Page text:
Our View: Airport Commission has an agenda


The Yampa Valley Airport Commission's decision to launch a study into economic, social and safety issues at Steamboat Springs Airport makes sense, given the political divide over the airport and its future.

What doesn't make sense is for the commission to conduct the study itself with one of its own members leading it.

For any study to have validity, particularly with airport critics, it must be conducted by an unbiased, professional organization with no ties to the airport.

The commission's stance on Steamboat Springs Airport is clear. According to a mission statement, the commission thinks the airport is an important asset that should remain open. The commission has adopted the view that Routt County essentially has one airport with two runways 20 miles apart. Steamboat Springs Airport should handle general aviation traffic, allowing Yampa Valley Regional Airport to handle commercial traffic, commission members say.

An independent study might prove those positions correct.

But for Commission Chairman Marty Kolonel to say commission members "don't have an agenda" and that the study will be objective as designed is a little disingenuous. Of course the Yampa Valley Airport Commission has an agenda, as its mission statement makes clear.

At this point, the commission's internal study on the airport is a little like a Sierra Club study on global warming or a National Rifle Association study on gun safety. No matter how proper the methodology, the results of the study will be looked upon with skepticism because of the perceived biases of the group conducting it.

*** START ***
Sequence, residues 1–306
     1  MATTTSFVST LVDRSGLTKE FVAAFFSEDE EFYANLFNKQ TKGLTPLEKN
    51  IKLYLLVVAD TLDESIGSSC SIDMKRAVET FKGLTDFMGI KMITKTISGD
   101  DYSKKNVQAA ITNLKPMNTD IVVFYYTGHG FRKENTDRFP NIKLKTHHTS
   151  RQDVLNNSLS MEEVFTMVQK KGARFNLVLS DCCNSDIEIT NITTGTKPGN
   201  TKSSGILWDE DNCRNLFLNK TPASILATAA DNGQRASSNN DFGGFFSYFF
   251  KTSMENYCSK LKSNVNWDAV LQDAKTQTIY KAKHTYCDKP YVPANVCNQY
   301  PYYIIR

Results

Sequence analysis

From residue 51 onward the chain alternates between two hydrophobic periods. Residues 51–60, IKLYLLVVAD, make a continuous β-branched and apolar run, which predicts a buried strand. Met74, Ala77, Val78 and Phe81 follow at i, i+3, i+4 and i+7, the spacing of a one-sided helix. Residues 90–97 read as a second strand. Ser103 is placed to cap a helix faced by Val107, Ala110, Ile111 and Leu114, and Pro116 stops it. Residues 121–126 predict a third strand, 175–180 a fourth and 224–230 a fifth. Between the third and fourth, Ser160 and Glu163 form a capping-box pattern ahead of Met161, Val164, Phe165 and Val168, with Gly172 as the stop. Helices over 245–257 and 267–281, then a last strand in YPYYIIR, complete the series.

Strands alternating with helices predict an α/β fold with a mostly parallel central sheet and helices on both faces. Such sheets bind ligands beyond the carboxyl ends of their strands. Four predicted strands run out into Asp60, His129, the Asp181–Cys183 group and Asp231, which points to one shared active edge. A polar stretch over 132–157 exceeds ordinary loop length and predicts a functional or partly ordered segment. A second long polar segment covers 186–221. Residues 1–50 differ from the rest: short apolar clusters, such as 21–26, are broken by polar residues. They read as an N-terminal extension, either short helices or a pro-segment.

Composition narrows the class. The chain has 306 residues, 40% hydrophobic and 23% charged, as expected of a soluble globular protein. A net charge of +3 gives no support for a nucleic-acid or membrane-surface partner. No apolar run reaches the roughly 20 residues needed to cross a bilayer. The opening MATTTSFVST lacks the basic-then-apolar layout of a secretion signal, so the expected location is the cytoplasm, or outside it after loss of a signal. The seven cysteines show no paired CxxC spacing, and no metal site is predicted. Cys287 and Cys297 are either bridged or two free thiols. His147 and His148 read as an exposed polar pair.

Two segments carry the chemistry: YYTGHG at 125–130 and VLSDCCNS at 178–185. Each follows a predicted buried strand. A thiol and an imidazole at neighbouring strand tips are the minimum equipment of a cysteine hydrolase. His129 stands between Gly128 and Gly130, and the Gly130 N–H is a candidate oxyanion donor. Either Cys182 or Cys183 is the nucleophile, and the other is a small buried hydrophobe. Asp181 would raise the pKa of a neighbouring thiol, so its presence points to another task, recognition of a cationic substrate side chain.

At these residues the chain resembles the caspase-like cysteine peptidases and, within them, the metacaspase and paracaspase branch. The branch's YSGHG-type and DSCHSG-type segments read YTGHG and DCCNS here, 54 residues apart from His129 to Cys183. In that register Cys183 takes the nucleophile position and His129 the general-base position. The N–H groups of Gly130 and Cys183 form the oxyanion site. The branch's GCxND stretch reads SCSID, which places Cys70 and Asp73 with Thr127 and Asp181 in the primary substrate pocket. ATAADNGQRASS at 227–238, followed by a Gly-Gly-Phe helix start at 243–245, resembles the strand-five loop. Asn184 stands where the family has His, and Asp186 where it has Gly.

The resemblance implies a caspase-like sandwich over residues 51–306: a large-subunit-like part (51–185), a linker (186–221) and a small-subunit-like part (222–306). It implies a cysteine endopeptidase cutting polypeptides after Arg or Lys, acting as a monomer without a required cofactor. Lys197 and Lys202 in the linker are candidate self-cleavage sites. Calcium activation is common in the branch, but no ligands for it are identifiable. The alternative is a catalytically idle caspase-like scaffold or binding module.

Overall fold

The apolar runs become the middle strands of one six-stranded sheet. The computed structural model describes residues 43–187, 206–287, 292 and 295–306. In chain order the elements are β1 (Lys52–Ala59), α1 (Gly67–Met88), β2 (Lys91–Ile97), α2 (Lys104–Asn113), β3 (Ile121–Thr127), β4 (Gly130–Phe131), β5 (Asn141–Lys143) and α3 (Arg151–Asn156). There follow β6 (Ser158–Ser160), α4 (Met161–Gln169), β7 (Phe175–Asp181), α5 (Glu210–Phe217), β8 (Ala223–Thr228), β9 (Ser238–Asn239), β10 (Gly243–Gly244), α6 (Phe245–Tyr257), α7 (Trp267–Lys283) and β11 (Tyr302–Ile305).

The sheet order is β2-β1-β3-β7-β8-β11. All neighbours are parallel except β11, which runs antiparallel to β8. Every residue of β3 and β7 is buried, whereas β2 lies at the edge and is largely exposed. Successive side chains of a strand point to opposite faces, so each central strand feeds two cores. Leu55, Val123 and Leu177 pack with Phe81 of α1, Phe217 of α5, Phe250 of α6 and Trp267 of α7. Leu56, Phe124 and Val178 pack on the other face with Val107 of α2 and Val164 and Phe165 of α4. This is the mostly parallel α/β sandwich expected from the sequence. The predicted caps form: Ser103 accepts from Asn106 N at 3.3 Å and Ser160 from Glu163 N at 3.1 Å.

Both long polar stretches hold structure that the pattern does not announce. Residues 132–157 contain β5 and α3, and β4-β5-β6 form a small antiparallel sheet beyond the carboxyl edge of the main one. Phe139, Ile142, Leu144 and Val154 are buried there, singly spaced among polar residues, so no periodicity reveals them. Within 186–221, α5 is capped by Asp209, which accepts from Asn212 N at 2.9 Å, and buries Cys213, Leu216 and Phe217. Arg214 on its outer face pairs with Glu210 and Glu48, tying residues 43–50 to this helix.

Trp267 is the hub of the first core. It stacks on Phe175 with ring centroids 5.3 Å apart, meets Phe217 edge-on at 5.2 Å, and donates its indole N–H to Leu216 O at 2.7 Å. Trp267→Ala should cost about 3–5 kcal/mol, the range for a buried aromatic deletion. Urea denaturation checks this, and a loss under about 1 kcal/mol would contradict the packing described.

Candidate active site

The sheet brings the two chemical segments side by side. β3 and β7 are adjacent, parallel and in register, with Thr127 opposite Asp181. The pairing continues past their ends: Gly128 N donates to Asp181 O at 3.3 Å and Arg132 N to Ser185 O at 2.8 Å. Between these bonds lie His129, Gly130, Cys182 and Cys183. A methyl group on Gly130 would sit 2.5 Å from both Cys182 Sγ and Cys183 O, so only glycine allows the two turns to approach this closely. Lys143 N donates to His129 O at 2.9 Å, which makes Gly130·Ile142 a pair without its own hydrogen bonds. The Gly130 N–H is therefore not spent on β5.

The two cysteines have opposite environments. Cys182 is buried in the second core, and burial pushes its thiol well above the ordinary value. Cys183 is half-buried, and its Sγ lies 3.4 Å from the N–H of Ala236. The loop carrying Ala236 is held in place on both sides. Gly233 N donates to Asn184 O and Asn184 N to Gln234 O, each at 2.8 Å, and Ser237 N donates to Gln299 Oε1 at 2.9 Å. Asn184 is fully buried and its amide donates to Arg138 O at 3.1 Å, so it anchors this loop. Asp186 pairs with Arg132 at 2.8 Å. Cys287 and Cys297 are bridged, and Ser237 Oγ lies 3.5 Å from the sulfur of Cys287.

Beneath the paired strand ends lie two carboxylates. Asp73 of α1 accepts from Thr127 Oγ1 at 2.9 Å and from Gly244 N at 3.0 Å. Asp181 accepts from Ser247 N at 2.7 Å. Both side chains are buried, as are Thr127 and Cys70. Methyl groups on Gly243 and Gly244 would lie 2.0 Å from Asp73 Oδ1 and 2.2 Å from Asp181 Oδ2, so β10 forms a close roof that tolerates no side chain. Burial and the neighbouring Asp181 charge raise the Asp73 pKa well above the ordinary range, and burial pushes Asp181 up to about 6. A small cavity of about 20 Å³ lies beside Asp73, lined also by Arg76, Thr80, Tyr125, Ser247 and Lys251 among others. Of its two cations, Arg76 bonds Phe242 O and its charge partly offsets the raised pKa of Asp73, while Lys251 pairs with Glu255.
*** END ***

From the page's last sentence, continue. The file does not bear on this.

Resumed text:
We think the Airport Commission's intent is sincere. Airport Commission members appropriately have become defenders of the airport in the face of attacks by area landowners, pilots and current and former City Council members. Those critics have raised questions about the safety of flying in and out of the airport, the impact the airport has on the West of Steamboat Springs Area Plan and the financial impact the airport has on the city compared to its benefits.

Airport Commission members feel strongly that the airport is safe, that it is essential for emergency services in the Yampa Valley, that it has a positive financial impact on the community and that it relieves YVRA of general aviation pressures the commercial airport is not equipped to handle.

We would not be surprised to see those stances confirmed by an independent analysis. Such a study also might convince airport critics to rethink their positions. But the study the Airport Commission is undertaking will do nothing of the sort. It will be seen as biased, its conclusions predetermined. Ultimately, it may do the commission more harm than good by damaging the group's credibility.

A thorough study of the Steamboat Springs Airport could prove beneficial to the commission and to the community at large, but only if it is conducted by an independent, impartial entity.


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